pursue them.' One of those men is beyond mortal reach. The other remains, and my resolution remains."
Her eyes lit up—her colour rose. She said nothing, but I saw all her sympathies gathering to mine in her face.
"I don't disguise from myself, or from you," I went on, "that the prospect before us is more than doubtful. The risks we have run already are, it may be, trifles compared with the risks that threaten us in the future, but the venture shall be tried, Marian, for all that. I am not rash enough to measure myself against such a man as the Count before I am well prepared for him. I have learnt patience—I can wait my time. Let him believe that his message has produced its effect—let him know nothing of us, and hear nothing of us—let us give him full time to feel secure—his own boastful nature, unless I seriously mistake him, will hasten that result. This is one reason for waiting, but there is another more important still. My position, Marian, towards you and towards Laura ought to be a stronger one than it is now before I try our last chance."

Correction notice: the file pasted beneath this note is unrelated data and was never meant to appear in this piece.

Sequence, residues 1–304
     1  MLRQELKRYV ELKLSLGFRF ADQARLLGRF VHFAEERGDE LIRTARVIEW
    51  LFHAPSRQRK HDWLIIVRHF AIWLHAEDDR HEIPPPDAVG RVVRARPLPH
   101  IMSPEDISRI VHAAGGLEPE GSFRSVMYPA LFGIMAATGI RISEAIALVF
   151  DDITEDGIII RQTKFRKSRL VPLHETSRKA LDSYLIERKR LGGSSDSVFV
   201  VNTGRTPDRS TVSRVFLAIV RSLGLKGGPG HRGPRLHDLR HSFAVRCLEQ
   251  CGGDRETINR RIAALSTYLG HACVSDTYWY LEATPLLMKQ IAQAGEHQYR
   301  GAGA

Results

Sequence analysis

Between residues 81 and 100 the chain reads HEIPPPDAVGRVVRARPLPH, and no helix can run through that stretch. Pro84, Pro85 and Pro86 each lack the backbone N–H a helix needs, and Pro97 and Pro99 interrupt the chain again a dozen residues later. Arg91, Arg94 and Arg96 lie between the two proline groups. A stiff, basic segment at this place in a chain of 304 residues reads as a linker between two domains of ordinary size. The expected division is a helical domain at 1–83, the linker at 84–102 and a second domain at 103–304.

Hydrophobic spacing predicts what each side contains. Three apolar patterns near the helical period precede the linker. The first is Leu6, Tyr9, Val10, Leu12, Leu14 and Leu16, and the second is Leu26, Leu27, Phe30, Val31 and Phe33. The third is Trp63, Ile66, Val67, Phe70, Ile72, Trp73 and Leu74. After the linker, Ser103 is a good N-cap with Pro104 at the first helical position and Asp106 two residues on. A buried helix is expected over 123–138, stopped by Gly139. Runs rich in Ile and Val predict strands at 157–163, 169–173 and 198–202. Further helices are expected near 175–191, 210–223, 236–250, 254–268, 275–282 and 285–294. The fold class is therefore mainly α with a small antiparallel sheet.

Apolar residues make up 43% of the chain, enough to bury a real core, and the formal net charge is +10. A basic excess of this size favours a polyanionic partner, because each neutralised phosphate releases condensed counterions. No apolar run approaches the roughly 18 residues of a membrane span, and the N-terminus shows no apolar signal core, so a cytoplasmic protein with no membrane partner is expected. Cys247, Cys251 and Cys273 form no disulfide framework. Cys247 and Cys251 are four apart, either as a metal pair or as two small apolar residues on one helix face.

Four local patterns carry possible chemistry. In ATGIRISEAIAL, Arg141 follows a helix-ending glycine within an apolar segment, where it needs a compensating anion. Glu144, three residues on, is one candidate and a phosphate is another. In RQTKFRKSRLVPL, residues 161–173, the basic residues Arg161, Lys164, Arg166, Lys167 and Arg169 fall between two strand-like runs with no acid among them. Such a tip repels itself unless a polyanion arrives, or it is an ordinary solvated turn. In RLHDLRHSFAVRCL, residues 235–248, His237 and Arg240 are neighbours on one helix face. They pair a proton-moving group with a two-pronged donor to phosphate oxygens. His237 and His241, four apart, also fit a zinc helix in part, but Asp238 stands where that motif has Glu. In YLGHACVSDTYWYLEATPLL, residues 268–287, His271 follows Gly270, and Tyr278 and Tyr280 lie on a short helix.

She leaned near to me, with a look of surprise.
"How can it be stronger?" she asked.
"I will tell you," I replied, "when the time comes. It has not come yet—it may never come at all. I may be silent about it to Laura for ever—I must be silent now, even to YOU, till I see for myself that I can harmlessly and honourably speak. Let us leave that subject. There is another which has more pressing claims on our attention. You have kept Laura, mercifully kept her, in ignorance of her husband's death——"
"Oh, Walter, surely it must be long yet before we tell her of it?"
"No, Marian. Better that you should reveal it to her now, than that accident, which no one can guard against, should reveal it to her at some future time. Spare her all the details—break it to her very tenderly, but tell her that he is dead."
"You have a reason, Walter, for wishing her to know of her husband's death besides the reason you have just mentioned?"
"A reason connected with that subject which must not be mentioned between us yet?—which may never be mentioned to Laura at all?"
She dwelt on the last words meaningly. When I answered her in the affirmative, I dwelt on them too.